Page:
Protection of Fauna offers a range of environmental education and species protection programs. For example, Pavel runs a program to protect birds from high voltage electrical lines. Pavel involves citizens in gauging the numbers of birds injured and killed due to electrical exposure. In this way, people became aware of the scope of the problem and are motivated to design a solution. Pavel and his volunteers work with state officials to introduce protective sheets to shield birds from existing power lines. For newly installed electrical systems, Protection of Fauna convinced the government to construct poles with new materials and design. This project was a major accomplishment and gained further support through publicity in local and regional newspapers.

Another critical component of Pavel's work is a twenty-four hour emergency station he established for wild animals that are injured by cars, gunfire, or exposure to electrical currents. This project aims to develop practical methods for protecting all endangered species through monitoring, check points, emergency transfers, or building and installation of nesting platforms and cots. Since 1998, Pavel and his team have treated more than five hundred animals, of which 60 percent were re-introduced into their natural setting following treatment and care. Animals that required lengthy recovery periods were looked after in one of thirty volunteer homes.

Pavel and his team have also joined forces with law enforcement agencies and international environmental groups to monitor and fight illegal animal trade. Czech falconers are involved in the illegal snatching of predators from their nest in order to sell them in Western Europe and in Arab countries. Protection of Fauna volunteers have committed to watching the nests of rare species, which requires twenty-four hour observation during nesting periods.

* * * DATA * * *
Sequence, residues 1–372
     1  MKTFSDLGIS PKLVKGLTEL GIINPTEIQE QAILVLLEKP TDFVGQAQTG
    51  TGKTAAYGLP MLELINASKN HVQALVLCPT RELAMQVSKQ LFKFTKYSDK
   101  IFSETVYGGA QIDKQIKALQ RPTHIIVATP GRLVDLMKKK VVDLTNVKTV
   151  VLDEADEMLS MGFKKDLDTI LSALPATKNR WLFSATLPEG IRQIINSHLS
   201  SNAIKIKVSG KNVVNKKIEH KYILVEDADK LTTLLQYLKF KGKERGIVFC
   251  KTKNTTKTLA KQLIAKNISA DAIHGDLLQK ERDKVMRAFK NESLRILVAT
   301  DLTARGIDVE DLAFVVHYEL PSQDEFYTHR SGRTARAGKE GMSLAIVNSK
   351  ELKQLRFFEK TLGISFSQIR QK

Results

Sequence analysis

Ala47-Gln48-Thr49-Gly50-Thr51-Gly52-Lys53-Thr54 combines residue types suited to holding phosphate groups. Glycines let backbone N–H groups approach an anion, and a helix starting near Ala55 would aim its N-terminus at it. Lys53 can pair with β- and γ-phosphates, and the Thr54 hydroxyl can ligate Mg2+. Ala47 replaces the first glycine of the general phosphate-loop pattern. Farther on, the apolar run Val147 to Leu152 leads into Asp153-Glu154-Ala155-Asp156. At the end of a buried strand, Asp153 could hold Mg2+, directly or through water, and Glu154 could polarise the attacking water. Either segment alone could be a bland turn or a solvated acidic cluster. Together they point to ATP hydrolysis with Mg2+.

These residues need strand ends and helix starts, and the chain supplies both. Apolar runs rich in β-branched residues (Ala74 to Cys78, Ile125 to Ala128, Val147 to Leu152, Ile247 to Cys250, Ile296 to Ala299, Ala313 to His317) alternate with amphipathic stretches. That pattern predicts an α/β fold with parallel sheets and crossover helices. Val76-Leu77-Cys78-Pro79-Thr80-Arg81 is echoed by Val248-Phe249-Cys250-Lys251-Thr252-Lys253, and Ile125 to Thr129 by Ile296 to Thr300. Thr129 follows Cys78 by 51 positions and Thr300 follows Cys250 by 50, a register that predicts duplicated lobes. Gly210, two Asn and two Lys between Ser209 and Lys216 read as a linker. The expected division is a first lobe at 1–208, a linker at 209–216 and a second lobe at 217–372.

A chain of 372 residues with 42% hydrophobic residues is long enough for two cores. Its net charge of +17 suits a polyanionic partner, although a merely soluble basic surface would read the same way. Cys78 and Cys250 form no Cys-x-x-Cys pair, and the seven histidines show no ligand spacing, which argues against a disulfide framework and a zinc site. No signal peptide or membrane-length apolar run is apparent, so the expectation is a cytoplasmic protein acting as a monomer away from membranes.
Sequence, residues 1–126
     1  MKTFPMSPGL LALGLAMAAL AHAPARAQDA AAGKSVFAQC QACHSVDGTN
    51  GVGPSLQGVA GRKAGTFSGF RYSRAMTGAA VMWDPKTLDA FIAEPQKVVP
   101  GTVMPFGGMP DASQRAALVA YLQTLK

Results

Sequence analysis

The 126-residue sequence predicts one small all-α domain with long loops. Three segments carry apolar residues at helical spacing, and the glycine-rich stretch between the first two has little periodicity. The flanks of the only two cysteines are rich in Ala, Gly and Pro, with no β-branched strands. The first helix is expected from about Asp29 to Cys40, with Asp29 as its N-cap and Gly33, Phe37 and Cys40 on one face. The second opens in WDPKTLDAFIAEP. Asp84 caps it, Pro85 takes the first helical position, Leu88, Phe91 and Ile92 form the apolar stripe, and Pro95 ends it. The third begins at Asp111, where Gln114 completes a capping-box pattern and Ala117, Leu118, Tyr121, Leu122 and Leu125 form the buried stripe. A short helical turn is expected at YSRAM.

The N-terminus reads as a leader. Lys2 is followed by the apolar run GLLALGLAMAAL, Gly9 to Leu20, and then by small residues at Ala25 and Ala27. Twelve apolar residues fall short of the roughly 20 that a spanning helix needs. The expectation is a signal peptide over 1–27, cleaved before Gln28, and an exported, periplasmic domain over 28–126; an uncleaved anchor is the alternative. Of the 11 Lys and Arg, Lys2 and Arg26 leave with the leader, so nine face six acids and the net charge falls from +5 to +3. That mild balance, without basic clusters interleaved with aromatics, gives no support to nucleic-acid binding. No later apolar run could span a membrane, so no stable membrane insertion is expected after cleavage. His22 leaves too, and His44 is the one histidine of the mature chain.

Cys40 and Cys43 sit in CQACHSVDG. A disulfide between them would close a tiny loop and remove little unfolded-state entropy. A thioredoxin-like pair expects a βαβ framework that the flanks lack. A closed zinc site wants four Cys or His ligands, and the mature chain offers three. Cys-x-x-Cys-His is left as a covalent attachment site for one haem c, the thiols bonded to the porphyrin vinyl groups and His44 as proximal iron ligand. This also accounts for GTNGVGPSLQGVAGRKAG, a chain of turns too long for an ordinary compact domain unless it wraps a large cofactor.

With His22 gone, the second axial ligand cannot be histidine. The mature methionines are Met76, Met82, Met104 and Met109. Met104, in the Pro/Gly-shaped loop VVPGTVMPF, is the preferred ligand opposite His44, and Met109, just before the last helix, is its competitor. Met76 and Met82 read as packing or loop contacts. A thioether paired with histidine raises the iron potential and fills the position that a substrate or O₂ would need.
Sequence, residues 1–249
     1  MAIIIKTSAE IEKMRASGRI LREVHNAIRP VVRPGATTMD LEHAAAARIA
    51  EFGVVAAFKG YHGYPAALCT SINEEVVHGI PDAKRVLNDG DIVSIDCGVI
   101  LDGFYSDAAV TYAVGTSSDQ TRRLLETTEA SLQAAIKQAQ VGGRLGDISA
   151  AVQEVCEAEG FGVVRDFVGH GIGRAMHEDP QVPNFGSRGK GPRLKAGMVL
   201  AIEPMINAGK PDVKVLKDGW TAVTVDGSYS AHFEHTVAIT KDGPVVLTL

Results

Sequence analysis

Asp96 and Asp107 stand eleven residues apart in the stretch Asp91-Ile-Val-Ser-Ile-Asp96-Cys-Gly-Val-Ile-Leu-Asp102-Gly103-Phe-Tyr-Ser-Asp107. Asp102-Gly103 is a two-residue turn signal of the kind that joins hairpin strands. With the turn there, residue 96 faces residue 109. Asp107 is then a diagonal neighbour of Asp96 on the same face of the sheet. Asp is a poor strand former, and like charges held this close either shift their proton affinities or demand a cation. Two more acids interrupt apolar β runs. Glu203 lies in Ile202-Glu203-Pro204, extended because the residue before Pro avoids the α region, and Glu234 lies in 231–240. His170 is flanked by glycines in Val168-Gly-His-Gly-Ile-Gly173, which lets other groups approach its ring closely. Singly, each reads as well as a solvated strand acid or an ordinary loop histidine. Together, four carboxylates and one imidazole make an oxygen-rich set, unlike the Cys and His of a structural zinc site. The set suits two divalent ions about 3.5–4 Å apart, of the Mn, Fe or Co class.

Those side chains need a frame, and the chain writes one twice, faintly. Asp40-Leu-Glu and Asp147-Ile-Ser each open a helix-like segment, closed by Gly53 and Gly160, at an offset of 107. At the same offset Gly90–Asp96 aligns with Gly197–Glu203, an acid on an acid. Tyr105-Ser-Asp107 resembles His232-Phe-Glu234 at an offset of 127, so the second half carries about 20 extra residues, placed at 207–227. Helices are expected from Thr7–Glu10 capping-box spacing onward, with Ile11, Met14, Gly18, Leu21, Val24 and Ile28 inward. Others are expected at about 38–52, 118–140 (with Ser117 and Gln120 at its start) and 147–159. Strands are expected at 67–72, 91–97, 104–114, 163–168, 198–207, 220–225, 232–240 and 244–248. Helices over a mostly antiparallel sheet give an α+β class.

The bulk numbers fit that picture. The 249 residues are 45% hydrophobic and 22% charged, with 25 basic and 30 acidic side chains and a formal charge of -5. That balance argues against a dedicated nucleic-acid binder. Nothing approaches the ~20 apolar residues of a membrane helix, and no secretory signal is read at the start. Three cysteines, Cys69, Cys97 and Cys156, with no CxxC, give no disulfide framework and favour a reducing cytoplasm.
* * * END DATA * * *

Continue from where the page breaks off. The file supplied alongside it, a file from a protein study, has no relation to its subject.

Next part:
To educate the public and draw attention to the plight of endangered species, Pavel has launched the "They Survived the Year 2000" campaign. While many people know that elephants and whales are endangered, few are informed about species in the Czech Republic that face similar population declines. Pavel has been successful in securing media support and advertising space for the campaign. An advertising agency donated three hundred billboards to be erected at key sites across the country. The British Embassy has permitted Protection of Fauna to use its logo as a guarantor of the campaign and also offered to organize an event at the Protection of Fauna premises. As part of this event Pavel is developing a new ecological program for television and a series of exhibitions and concerts to increase public awareness.

The Person

Pavel grew up in the small town of Votice in the Czech Republic. As the son of gamekeepers, he developed a deep respect and love for the natural world at any early age. Pavel has been involved in environmental education and ecosystem preservation since childhood. He led scouting groups and subsequently started an ecological center. Pavel is presently a member of the Czech Ornithological Society and Ringing Center of the National Museum of Prague.

Pavel credits his energy and inspiration to friends and family, who have supported his efforts throughout his on going battle with a chronic disability.